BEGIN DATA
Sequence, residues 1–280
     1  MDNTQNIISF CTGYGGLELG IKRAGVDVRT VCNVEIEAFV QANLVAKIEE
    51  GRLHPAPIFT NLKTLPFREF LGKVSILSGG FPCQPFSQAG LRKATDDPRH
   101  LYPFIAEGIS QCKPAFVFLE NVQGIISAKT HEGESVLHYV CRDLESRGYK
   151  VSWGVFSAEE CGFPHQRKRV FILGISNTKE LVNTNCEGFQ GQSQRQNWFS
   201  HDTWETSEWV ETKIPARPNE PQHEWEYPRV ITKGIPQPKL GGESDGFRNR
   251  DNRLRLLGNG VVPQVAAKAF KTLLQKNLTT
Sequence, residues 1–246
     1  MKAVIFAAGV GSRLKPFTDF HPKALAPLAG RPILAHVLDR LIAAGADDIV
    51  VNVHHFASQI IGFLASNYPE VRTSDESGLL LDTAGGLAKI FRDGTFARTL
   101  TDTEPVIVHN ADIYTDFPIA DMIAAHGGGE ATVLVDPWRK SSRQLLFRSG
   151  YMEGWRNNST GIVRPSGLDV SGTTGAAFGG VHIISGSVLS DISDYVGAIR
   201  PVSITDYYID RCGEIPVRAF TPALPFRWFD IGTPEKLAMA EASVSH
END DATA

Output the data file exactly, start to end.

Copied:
Sequence, residues 1–280
     1  MDNTQNIISF CTGYGGLELG IKRAGVDVRT VCNVEIEAFV QANLVAKIEE
    51  GRLHPAPIFT NLKTLPFREF LGKVSILSGG FPCQPFSQAG LRKATDDPRH
   101  LYPFIAEGIS QCKPAFVFLE NVQGIISAKT HEGESVLHYV CRDLESRGYK
   151  VSWGVFSAEE CGFPHQRKRV FILGISNTKE LVNTNCEGFQ GQSQRQNWFS
   201  HDTWETSEWV ETKIPARPNE PQHEWEYPRV ITKGIPQPKL GGESDGFRNR
   251  DNRLRLLGNG VVPQVAAKAF KTLLQKNLTT
Sequence, residues 1–246
     1  MKAVIFAAGV GSRLKPFTDF HPKALAPLAG RPILAHVLDR LIAAGADDIV
    51  VNVHHFASQI IGFLASNYPE VRTSDESGLL LDTAGGLAKI FRDGTFARTL
   101  TDTEPVIVHN ADIYTDFPIA DMIAAHGGGE ATVLVDPWRK SSRQLLFRSG
   151  YMEGWRNNST GIVRPSGLDV SGTTGAAFGG VHIISGSVLS DISDYVGAIR
   201  PVSITDYYID RCGEIPVRAF TPALPFRWFD IGTPEKLAMA EASVSH